We stayed here a couple weeks before we moved to another anchorage away from the resort, and closer to the surf.
There were a whole bunch of different surf breaks in this zone. I surfed one right hander, and the rest were lefts. Mostly I was surfing this one really fun left hander on the northeast side of Papatura. Usually I surfed alone, or with Serena, but sometimes people from the resort would come. This break was about a 5 minute dinghy ride, through a shallow pass between two islands, then along a shallow sandy area within the reef. We would always see little reef sharks and rays on this journey. It was really fun zipping along the shallows. We also found our own little wave perfect for Serena.
While flying over when returning from Honiara for our visa run, I noticed a huge black sand beach, and it looked like this perfect little wave was peeling across the sandy bank, like a sand point break. I figured out where it was on the charts, about 10 miles from our anchorage. I packed up my stuff, picked a day when I thought the weather would be good, and headed out. It took about 40 minutes to get there. The furthest I've taken the dinghy from home. Unfortunately, it was too small to surf the shortboard I brought, so I just cruised around and ate my lunch. I met some kids from the nearby school, and they showed me where the giant crocodile lived. I decided to head out, but the wind was picking up. I went anyway, and it got really rough. Then I started seeing lightning really close, so I made a detour through a nearby reef passage onto a beach. I met a kid, and we went for a walk down the beach, drank some coconuts, and waited for the weather to back off. I made it home safe after that.
We visited the nearest village to ask them for permission to anchor where we were on Papatura. The chief wasn't around, so we said we'd return again tomorrow. We traded for fruits, veggies, and eggs. These eggs were legit. Not developed at all. We came back a few days later. No chief today, so we were told that the chief would come visit us. The next day the chief came. He seemed a bit unsure of what to do with us. I don't think they get many visitors from sailboats. He had very nice sunglasses and a nice watch, so I think he gets money from some other chiefly duty. We gave him 100 Solomon dollars, two bags of rice, and a DVD. We stayed a total of 8 weeks, so I don't think that was such a bad deal.
I had a great squid lure, and caught lots of squid that hung around the anchor chain during the day. When I caught one, it would squirt ink, often hitting the boat. I was always scrubbing ink off the side of the boat. They were really good eating, though. I used one as bait on the hand line, dropped it over, and after about 2 minutes hooked something big. Hauled in a huge barracuda. Not very good eating, though. Tried frying, baking, not great. Apparently smoking is the best method.
We were having issues with our dinghy outboard. It seemed to be cavitating too often. I talked to the local mechanic who also worked for the nearby resort. He thought that the bushing within the prop was wearing out. This bushing protects the engine gearing should the prop hit something hard while spinning. Because it was wearing out, the force of the water on the prop was enough to cut it lose sometimes. So, we pounded a few nails into the bushing. This tightened the bushing and stopped the prop from cavitating. As the nails rust, it will further tighten the bushing. However, this is only a temporary solution. Likely, this made the bushing too tight, that if the prop were to encounter a hard object, the gearing may be damaged. We couldn't get a new bushing where we were, so this was the best we could do.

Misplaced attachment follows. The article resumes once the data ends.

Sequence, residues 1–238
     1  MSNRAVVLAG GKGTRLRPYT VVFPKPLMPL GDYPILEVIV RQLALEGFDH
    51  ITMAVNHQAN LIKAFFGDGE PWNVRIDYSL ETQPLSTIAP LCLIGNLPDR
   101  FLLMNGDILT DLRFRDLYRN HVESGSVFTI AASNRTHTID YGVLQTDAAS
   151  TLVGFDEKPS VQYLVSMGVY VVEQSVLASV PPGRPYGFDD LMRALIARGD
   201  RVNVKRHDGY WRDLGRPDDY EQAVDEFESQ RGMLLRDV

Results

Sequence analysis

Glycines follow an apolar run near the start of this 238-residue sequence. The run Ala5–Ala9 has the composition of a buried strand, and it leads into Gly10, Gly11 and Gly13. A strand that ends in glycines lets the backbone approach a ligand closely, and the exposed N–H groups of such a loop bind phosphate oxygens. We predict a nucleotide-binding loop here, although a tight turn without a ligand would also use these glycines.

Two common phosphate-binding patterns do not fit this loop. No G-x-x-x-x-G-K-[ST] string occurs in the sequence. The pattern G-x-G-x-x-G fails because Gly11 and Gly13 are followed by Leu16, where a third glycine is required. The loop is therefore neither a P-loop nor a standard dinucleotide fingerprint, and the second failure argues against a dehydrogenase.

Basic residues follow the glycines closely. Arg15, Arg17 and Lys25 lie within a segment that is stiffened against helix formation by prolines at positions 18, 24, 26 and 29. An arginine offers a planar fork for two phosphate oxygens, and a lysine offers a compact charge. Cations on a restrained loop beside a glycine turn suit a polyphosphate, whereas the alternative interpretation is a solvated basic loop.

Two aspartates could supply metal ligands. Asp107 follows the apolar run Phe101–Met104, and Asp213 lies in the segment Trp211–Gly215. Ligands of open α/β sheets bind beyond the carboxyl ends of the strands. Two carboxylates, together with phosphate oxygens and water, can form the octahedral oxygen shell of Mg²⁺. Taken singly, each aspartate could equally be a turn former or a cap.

We visit the nearby village again to trade for fruits and vegetables. I think we brought some rice, maybe some dvds, but usually they prefer to have Solomon dollars. I think there are some small Chinese shops they buy things in. We get lemons, guava, and pineapple. I climb around in the guava tree picking ripe ones.
The fishing around Papatura was relatively horrible compared to Kale. And, I lost lots of lures trying to catch what was there. I would motor around for hours wasting tons of fuel in the dinghy trying to catch something. It was sort of my job to catch fish. I also didn't have much else to do. Just being out on the ocean, witnessing the little tropical squalls cruising through, was wonderful.
We took a ride about 4 miles form our anchorage to check out a few little islands to the north that might have nice bays to anchor in. We also heard there was good fishing out there. There was no wind so the water was really smooth. We stopped first in a little bay that would be very protected unless the wind was coming directly out of the southwest. It had a nice beach, but seemed a bit crocky, and we saw a really big jellyfish cruising around. We have our trusty lead line to check depths. We kept going to some other spots I had marked on the chart, but it was all very deep, at least 100 ft in areas that would give us enough swinging room. There was one zone where we could drop a stern anchor in a shallow sandy shelf, and our primary in about 120 ft water, but we weren’t totally sold on it, so we marked it down and moved on. We took a lunch break on a beautiful white sand beach. Ate the sandwiches we packed, and climbed a coconut tree to get some fresh coconuts. It feels like we have the entire planet all to ourselves. Far out and free.
On the dinghy ride home, we trawled for fish with the hand line. The water was crystal clear as we motored along the edge of the reef. The line hit and I knew it was something big. As I pulled in the fish we could see its silvery shape. Quickly I got it in the boat. Our favorite fish! A spanish mackerel, about 30 lbs. We were stoked!
One day when I was out checking the surf, I saw a white sail on the horizon. Another sailboat! It had been months since we’d seen another yacht, so I was so excited. I waited for them to get closer then motored out in the dinghy. Martin and Krystle from Australia. I told them where we were anchored and said there would be plenty of room for them, too. I motored back to the boat and told Serena the awesome news. We love islanders, we love being alone, and we love meeting other sailors. It had been a bit dry lately in the “other sailors” department. Martin and Krystle anchored next to us for about a week. We shared meals, stories, charts, and surf!
One of my favorite discoveries from anchoring in this remote zone was naked bodysurfing. One day i found a small piece of wood floating in the water. It looked like it was somebody’s canoe seat. I sanded it a bit, and drilled some finger holes, sealed it, and it became my hand plane. I started bodysurfing the same reef break that i had been surfing. To reduce drag I ditched my shorts. It took me a bit to work out the technique, but pretty soon I was getting nice little barrels! When a wave is already really fun to surf, it is super fun to body surf! This will forever be an activity I will be bring to remote tropical sailing.